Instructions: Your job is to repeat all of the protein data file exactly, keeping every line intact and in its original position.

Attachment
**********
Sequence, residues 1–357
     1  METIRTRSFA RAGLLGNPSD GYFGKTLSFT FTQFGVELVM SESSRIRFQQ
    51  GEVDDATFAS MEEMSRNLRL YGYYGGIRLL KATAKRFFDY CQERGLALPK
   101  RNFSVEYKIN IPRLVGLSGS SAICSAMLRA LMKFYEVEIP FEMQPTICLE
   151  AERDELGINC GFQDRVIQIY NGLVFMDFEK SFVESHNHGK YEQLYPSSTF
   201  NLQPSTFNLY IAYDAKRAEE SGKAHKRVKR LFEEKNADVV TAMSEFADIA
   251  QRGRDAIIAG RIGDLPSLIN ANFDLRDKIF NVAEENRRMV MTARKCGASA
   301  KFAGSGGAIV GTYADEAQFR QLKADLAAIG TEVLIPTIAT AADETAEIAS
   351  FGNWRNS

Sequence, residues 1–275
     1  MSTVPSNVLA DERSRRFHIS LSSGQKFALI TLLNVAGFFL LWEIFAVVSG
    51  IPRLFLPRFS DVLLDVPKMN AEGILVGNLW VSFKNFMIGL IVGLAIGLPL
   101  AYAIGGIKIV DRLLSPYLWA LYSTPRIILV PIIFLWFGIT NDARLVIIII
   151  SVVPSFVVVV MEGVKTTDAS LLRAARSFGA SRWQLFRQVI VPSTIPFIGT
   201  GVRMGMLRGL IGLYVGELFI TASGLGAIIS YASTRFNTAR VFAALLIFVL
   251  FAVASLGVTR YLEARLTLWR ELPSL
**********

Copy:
Sequence, residues 1–357
     1  METIRTRSFA RAGLLGNPSD GYFGKTLSFT FTQFGVELVM SESSRIRFQQ
    51  GEVDDATFAS MEEMSRNLRL YGYYGGIRLL KATAKRFFDY CQERGLALPK
   101  RNFSVEYKIN IPRLVGLSGS SAICSAMLRA LMKFYEVEIP FEMQPTICLE
   151  AERDELGINC GFQDRVIQIY NGLVFMDFEK SFVESHNHGK YEQLYPSSTF
   201  NLQPSTFNLY IAYDAKRAEE SGKAHKRVKR LFEEKNADVV TAMSEFADIA
   251  QRGRDAIIAG RIGDLPSLIN ANFDLRDKIF NVAEENRRMV MTARKCGASA
   301  KFAGSGGAIV GTYADEAQFR QLKADLAAIG TEVLIPTIAT AADETAEIAS
   351  FGNWRNS

Sequence, residues 1–275
     1  MSTVPSNVLA DERSRRFHIS LSSGQKFALI TLLNVAGFFL LWEIFAVVSG
    51  IPRLFLPRFS DVLLDVPKMN AEGILVGNLW VSFKNFMIGL IVGLAIGLPL
   101  AYAIGGIKIV DRLLSPYLWA LYSTPRIILV PIIFLWFGIT NDARLVIIII
   151  SVVPSFVVVV MEGVKTTDAS LLRAARSFGA SRWQLFRQVI VPSTIPFIGT
   201  GVRMGMLRGL IGLYVGELFI TASGLGAIIS YASTRFNTAR VFAALLIFVL
   251  FAVASLGVTR YLEARLTLWR ELPSL